(This item originally appeared at Forbes.com on March 8, 2017.)
The idea of a “gold standard” monetary system is pretty simple — the currency’s value is fixed to gold. This is really no different than the dozens of “euro standards” and “dollar standards” already in use today. The IMF says that about two-thirds of all governments, worldwide, already use some kind of fixed-value system. The only real difference is the “standard of value.”
However, once you move beyond the basic idea, sometimes the details can get complicated. One thing that the U.S. gold standard advocates have been going back-and-forth on for a long time is the principle of “convertibility” — the legal obligation of the currency issuer to trade its currency for gold bullion, at the official price.
It is not necessary to have convertibility to have a gold standard system. A currency manager (central bank) can maintain the value of its currency at a gold parity without this feature. Originally proposed by David Ricardo in 1817 (if not earlier), this idea is sometimes known today as a “gold price rule.” There are a few examples in history, such as the U.S. dollar 1968-1970 or Italy in the latter 19th century. You could still “convert” your currency to gold at any private-sector gold dealer. I talk about the details of this in Gold: the Monetary Polaris.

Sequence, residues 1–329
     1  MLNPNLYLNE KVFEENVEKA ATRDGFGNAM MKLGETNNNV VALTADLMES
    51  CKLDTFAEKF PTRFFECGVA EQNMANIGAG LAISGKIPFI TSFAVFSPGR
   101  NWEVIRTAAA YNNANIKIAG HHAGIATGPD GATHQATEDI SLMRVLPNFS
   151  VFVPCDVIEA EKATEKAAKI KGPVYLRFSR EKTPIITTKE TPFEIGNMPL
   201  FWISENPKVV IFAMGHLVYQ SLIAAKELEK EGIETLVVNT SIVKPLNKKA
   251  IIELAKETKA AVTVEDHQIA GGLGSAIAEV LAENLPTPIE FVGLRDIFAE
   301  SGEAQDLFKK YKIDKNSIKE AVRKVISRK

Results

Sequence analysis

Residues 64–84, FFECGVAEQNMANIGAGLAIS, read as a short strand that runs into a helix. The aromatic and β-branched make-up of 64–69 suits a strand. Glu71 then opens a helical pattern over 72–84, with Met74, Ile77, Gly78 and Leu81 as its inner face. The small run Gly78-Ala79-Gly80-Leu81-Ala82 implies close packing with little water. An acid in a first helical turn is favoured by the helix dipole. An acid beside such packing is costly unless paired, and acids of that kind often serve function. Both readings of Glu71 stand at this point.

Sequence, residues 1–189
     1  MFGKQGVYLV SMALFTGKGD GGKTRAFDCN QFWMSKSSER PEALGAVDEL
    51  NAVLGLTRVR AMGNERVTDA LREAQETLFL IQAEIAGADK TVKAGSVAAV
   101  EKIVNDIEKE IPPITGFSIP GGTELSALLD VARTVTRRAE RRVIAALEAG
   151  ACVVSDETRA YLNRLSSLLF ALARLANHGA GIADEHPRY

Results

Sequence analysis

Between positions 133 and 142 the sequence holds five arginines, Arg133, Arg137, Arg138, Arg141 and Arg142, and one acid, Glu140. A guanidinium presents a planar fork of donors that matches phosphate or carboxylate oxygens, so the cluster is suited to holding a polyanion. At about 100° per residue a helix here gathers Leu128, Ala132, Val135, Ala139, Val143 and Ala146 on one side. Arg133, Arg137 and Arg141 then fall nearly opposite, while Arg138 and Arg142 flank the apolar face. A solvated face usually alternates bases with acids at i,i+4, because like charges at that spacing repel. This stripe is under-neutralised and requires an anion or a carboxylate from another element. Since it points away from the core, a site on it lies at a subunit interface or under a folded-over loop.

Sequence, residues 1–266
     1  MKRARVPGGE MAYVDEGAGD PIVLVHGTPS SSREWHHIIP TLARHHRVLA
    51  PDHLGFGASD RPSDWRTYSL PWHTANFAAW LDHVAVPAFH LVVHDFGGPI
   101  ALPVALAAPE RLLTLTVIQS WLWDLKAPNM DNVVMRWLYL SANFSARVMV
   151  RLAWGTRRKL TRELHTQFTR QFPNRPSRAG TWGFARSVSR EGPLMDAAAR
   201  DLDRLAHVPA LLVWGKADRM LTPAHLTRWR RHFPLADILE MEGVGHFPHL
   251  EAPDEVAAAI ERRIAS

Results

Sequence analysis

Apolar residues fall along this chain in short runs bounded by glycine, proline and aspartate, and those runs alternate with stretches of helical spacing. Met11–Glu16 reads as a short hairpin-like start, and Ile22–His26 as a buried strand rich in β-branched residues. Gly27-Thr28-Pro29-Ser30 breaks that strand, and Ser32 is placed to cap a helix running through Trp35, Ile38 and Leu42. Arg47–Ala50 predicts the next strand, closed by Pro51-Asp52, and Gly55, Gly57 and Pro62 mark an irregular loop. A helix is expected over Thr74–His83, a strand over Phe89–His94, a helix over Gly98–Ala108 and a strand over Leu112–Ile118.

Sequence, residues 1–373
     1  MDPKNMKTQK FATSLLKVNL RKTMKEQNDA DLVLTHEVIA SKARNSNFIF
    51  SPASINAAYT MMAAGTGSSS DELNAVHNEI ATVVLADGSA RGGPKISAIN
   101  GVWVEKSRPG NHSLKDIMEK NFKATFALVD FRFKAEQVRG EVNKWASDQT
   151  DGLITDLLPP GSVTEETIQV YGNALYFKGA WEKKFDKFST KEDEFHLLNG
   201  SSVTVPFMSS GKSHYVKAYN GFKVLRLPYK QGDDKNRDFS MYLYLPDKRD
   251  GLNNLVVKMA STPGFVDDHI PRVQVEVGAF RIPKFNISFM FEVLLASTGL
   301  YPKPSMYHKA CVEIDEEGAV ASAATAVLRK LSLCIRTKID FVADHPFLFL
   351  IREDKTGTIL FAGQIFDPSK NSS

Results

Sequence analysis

However, even Ricardo insisted that direct gold convertibility is a political necessity to maintain the reliability of the system. Today, many insist on the unlimited conversion that central banks commonly offered in the pre-1914 “Classical gold standard” era.
One problem with this is that there has been a tendency for the demand for money worldwide to expand a little faster than the aboveground supply of gold. Major central bank balance sheets today total about $17.6 trillion. Today, there are about 6.0 billion ounces of aboveground gold, worth about $7.2 trillion at $1,200/oz. As you can see, it would be difficult for the world’s central banks to have the 30%-ish bullion coverage ratios common in the pre-1914 era. Today, central banks hold about 20% of the world’s aboveground gold, which seems like a nice ratio. It is also the same ratio as in 1910.